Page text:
Using Author Rank for Better Reputation Management

Google has stayed at the top of the search engine game for so long because it continues to innovate, introduce new products, and continually improve its search algorithms to reflect changes in the real and online world. Overall, their goal is to make their search results the most useful on the web.

However, if you’re dealing with an online reputation management problem, sometimes it can feel like Google’s practices are unfair. If someone with high authority has written nasty things about you online, Google shoots it to the top of the results for your name—damaging your reputation and good image. But now Google has started to roll out a feature that can help you build some authority for you name on the web. It’s called “author rank,” and by implementing a few simple practices into the way you create and distribute content on the web, you can gain some great screen real estate in the SERPs.

What is Author Rank?

Google has now devised a way that you can link published content on the web to your personal profile. This creates two results. First, it means that your image will appear in the search results when someone searches for an article or other piece of content you’ve written on the web. Second, Google will be able to link ALL the content you create back to you, so you can start to build a solid reputation and some authority on the web. In fact, Google has said that when author rank signals are incorporated into your content, the amount and quality of that content will be used as a ranking factor for yourself and the websites that you spread content to.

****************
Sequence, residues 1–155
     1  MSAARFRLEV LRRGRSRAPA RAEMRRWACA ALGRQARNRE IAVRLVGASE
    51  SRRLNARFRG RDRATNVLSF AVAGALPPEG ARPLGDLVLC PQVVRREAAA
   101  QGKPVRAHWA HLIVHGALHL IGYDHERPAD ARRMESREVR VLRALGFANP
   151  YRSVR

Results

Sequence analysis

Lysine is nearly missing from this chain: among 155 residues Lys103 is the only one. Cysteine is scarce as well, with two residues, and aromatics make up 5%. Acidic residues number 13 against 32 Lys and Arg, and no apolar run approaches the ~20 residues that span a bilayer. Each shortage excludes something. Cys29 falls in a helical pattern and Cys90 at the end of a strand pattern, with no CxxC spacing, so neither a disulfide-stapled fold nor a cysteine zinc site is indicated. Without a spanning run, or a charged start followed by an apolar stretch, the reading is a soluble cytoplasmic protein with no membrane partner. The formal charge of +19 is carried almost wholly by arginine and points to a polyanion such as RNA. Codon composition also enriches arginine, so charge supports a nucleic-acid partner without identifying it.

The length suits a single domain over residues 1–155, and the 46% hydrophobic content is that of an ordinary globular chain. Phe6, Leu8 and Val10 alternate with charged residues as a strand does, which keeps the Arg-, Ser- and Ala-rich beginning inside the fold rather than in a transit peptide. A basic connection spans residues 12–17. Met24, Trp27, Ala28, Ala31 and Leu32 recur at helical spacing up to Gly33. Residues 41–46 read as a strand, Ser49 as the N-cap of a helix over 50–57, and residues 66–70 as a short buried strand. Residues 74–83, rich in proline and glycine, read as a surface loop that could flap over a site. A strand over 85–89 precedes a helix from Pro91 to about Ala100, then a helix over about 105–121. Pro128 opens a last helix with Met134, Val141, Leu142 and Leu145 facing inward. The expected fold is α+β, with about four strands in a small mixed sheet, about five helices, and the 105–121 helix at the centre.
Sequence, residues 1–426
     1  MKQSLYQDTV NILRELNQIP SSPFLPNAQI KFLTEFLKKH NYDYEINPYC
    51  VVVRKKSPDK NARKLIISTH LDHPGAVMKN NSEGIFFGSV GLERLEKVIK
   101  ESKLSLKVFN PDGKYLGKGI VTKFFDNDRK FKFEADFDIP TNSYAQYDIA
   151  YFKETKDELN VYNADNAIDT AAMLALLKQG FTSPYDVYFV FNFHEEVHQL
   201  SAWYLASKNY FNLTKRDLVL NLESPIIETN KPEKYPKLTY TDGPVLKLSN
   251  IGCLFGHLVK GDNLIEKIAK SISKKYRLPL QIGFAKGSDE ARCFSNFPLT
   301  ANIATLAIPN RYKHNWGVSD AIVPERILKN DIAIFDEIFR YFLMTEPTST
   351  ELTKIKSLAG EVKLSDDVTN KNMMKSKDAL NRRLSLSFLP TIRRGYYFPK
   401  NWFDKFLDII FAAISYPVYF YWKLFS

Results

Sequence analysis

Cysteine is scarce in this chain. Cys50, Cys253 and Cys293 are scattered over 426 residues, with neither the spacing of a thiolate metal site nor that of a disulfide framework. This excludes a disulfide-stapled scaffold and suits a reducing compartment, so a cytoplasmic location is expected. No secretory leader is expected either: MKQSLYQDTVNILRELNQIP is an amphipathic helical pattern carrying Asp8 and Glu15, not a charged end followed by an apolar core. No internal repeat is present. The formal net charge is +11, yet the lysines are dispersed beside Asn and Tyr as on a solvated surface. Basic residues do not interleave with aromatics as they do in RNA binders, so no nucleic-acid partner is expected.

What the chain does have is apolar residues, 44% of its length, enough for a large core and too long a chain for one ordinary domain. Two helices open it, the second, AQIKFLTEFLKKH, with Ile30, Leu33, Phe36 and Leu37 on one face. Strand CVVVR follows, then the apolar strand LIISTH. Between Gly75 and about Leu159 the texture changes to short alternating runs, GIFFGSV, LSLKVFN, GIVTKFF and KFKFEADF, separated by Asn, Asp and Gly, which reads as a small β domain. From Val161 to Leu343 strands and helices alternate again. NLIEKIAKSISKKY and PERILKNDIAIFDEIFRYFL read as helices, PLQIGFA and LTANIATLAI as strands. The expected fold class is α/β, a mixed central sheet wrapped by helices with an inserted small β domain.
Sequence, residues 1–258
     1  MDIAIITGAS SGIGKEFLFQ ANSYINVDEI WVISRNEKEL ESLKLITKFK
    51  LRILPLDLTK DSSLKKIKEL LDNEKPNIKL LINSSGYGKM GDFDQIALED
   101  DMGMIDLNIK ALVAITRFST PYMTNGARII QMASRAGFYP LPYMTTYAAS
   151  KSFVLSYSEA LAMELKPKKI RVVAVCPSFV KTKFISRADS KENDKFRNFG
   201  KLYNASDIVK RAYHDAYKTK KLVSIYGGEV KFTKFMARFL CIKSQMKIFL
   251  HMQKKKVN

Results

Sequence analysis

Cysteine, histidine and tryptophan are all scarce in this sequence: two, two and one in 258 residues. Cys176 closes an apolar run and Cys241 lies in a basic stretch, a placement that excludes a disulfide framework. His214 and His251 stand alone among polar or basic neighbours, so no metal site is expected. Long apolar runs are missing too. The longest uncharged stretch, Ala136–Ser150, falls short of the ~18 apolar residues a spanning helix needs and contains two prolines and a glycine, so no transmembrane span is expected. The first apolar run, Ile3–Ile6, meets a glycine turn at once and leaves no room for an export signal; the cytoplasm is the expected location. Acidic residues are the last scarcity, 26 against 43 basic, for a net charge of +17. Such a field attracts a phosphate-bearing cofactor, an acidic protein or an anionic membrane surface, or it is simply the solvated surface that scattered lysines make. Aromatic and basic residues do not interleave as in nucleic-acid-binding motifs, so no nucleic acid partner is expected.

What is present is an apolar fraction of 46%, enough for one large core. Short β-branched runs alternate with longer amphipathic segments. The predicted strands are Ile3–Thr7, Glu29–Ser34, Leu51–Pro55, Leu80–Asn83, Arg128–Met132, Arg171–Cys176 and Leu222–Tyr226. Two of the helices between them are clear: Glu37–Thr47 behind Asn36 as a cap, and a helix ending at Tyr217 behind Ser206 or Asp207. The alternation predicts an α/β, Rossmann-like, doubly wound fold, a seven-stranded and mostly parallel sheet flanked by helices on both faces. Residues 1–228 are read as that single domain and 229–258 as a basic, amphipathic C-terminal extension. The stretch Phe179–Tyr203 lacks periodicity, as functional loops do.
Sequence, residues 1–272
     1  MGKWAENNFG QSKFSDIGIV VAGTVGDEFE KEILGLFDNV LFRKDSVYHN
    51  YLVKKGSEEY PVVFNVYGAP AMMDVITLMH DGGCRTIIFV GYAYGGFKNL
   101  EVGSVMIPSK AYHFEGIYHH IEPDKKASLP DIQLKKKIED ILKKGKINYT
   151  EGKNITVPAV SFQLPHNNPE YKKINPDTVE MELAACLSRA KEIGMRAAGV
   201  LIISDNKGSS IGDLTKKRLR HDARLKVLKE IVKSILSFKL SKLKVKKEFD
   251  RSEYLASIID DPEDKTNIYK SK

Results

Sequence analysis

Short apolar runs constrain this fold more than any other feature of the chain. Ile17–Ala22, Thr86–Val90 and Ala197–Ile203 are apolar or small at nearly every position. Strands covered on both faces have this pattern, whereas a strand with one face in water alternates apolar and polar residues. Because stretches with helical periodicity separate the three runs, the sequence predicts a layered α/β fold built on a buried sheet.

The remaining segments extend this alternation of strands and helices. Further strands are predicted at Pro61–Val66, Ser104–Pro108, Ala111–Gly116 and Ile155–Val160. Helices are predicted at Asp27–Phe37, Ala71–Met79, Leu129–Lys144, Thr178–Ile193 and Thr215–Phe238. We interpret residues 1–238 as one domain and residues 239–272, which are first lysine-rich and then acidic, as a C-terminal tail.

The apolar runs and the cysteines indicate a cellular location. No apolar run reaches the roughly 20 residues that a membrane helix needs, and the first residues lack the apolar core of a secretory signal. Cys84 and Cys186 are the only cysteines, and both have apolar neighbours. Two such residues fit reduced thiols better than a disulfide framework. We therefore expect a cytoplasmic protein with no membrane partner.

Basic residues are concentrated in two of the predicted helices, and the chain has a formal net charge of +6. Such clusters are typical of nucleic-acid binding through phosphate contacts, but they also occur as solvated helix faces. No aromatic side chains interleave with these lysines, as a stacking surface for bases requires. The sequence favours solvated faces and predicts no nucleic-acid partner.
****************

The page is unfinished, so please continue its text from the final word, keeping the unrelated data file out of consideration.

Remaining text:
In other words, the better online reputation you can build with author rank signals, the better your content will rank on the web. Then you can use your author authority to influence the rank of content around the web, bringing more positive results to the SERPs for your name and anyone associated with you.

How Do You Do it?

To start using author rank signals as part of your reputation management strategy, you need to implement a few pieces of code on your website and within the content you produce around the web

1) Get on Google+

If you’re web savvy and concerned about your online reputation you probably already have a profile, but, if not, create one now. Google can only track your authorship if they know where to find you on the web, and they’ve determined that Google+ will be where they can find you. Is it monopolistic? Sure. But that’s Google.

2) Create an author page

On your personal or company website, create an author page with a small blurb about yourself and a link back to your Google+ profile using rel=”me” or rel=”author” tags in the link. For example:

<a rel=”author” href=”https://plus.google.com/109637006071618937451/posts”>Your Name</a>

3) Link Your Posts to Your Author Page

If your blogging platform has an automatic author bio section added to your posts, make sure it links back to your profile page. Alternatively, you can manually link to your author page in every post. Also, when you author content for other sites, make sure you link back to your main author page, so that Google will recognize that the credit for the content goes to you.

Alternatively, on 3rd party sites, you can use the rel=”author” tag with a direct link to your Google+ profile. But if Google is going to encourage you to link back to an author profile on your site, why not benefit from the link juice that those 3rd party sites will create when you link back to your own site?

Improved Reputation Management

When you can successfully use the rel=”author” tags and show Google where you are publishing content on the web, you’ll benefit from increased rankings and an improved SERP—creating a better online reputation.